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An article reviewing the development of man's understanding of vision, which recently appeared in the Journal of NIH Research, begins with Plato's theory of "visual fire" and ends with elucidation of functional organization in the visual cortex of the brain by Prof. Amiram Grinvald of the Institute's Department of Neurobiology.
According to the article, the first detailed theory of vision was propounded by early Greek philosophers such as Plato, who held that a ray of visual fire emanated from each eye and mixed with light to produce an invisible structure between the eye and an observed object. Galen, a second-century Roman physician, suggested that the brain is essential for consciousness and perception. In 1490, da Vinci reiterated Galen's concept that the eyes communicate directly with the brain. This long line of research, pursued by many scientists, was followed by the seminal work of Cajal and that of Hubel and Wiesel, who won Nobel Prizes for their contribution to brain research. And the most recent advances, according to the Journal, have been made by Prof. Gary Blasdel of the Harvard Medical School and the Weizmann's Prof. Grinvald.
"Independently," the Journal reports, "since 1986 they have used cameras to measure changes in the activity of neurons in exposed surfaces of the visual cortex as animals view lines of different orientations. They mapped the location of many different orientation columns on the surface of the primary visual cortex in a single test animal, at a higher resolution than is possible with standard methods of labeling."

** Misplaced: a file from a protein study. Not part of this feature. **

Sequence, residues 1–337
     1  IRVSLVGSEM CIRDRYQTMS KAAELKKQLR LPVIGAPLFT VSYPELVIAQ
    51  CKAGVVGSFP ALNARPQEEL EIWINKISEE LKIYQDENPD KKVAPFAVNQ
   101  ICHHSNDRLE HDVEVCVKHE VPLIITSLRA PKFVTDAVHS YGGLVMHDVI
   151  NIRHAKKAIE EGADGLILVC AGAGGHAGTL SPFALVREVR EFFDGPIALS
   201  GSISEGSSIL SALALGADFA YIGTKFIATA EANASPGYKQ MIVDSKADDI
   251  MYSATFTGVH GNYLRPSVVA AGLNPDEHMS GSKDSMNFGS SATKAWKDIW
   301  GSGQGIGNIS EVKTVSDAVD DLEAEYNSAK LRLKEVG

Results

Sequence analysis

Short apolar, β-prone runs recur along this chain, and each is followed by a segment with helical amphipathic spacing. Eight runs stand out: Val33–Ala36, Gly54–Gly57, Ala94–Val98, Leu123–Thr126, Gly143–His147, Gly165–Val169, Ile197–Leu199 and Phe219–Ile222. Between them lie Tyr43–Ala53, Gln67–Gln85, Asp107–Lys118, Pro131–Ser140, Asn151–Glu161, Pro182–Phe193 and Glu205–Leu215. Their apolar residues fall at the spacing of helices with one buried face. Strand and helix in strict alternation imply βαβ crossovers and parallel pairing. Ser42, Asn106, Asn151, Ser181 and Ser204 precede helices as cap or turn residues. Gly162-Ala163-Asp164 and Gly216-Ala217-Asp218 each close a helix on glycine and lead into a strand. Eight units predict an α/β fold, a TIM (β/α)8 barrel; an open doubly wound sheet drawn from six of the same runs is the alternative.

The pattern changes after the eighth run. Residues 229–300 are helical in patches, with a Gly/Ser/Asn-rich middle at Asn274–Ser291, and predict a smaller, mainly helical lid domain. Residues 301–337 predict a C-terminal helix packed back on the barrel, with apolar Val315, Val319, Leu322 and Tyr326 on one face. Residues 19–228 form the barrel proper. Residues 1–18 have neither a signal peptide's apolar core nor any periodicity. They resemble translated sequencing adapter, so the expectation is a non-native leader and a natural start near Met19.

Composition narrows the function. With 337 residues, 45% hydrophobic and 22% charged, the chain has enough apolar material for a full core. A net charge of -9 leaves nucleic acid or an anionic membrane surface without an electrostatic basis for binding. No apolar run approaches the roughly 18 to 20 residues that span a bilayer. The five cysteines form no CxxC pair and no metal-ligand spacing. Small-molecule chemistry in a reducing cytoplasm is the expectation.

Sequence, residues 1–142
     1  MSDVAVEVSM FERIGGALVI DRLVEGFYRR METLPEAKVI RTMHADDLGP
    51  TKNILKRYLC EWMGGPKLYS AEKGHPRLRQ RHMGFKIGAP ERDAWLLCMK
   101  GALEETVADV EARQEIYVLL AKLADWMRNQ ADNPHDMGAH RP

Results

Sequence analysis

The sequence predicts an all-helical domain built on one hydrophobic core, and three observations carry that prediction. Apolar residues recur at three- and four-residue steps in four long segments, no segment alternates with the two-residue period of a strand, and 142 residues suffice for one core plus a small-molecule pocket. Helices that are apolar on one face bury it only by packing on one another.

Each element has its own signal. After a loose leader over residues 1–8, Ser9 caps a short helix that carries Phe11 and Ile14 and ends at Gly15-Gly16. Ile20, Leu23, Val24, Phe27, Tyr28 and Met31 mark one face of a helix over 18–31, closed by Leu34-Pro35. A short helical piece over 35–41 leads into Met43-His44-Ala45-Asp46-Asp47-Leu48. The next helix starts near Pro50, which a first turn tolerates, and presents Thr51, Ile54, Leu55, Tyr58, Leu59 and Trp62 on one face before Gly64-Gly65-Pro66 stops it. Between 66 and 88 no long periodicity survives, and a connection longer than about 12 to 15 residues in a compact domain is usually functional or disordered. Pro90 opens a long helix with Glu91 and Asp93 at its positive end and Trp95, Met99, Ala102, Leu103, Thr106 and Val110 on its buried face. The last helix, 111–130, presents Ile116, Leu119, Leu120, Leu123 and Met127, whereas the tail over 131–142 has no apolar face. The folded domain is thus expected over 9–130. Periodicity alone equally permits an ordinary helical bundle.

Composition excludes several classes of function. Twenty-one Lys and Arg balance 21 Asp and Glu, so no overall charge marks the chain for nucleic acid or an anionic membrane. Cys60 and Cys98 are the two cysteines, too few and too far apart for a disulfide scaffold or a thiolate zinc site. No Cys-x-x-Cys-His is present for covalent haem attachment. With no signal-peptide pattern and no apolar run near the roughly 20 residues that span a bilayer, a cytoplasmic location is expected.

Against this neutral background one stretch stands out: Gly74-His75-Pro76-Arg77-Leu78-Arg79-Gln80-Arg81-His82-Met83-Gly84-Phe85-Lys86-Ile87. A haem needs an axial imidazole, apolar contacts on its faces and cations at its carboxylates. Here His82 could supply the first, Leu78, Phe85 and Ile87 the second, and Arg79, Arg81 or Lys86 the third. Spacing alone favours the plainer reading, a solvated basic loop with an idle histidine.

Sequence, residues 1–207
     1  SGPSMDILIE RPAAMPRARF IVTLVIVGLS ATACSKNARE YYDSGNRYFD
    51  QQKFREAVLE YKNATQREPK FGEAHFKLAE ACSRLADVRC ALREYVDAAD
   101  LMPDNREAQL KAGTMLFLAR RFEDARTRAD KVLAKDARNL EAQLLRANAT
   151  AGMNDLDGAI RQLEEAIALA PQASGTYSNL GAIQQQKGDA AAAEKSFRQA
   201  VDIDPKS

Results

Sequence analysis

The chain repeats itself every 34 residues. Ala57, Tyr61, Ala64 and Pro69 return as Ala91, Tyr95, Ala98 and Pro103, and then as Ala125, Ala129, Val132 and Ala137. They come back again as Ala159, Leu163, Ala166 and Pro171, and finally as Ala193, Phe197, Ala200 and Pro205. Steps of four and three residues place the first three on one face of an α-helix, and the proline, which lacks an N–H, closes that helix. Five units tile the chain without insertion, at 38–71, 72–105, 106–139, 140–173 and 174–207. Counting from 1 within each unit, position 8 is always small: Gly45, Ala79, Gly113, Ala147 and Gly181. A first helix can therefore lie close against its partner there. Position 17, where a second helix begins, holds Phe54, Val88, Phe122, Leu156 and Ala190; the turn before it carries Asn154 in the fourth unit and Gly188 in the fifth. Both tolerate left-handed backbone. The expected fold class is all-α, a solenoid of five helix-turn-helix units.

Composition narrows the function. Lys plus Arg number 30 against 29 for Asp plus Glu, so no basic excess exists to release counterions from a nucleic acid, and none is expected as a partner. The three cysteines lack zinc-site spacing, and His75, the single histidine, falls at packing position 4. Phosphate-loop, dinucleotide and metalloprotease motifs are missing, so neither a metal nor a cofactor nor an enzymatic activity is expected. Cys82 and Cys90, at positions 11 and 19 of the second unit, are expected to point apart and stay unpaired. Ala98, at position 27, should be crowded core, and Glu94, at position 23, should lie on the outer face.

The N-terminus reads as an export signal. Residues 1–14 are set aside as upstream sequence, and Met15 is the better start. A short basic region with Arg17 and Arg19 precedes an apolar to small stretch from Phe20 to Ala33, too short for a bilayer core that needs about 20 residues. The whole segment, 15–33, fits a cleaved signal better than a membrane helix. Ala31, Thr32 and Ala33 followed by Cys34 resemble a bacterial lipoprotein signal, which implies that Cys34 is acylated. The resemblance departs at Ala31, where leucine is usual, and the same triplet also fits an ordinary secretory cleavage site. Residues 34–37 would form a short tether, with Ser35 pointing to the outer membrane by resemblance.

The optical imaging technique that they used, which allows the direct visualization of electrical activity in the living brain, was developed by Grinvald at the Weizmann Institute in 1984. In enables scientists to visualize the intricate functional architecture of the brain, that is, the layout across the cortical surface of brain cells involved in distinct processing tasks. Optical imaging of functional borders is also being applied by neurosurgeons to minimize damage during tumor removal. The technique grew out of the 1968 pioneering work of Tasaki and Cohen showing that electrical activity of single nerve cells can be monitored by light.
Referring specifically to Grinvald's work, the Journal states: "He showed that the orientation columns are arranged in radially symmetric, fan-like structures he called 'pinwheels'. In this arrangement, a set of orientation columns intersects at the center of the pinwheel." This information sheds new light on the functional organization of the nerve cells responsible for the perception of object shapes. This work was done together with Prof. Tobias Bonhoeffer at Rockefeller University.
Thanks largely to these investigations, the NIH Journal concludes, "researchers currently understand the primary visual cortex better than any other part of the brain."
Prof. Grinvald, who holds the Helen and Norman Asher Chair in Brain Research, is the director of the Grodetsky Center for the Research of Higher Brain Functions.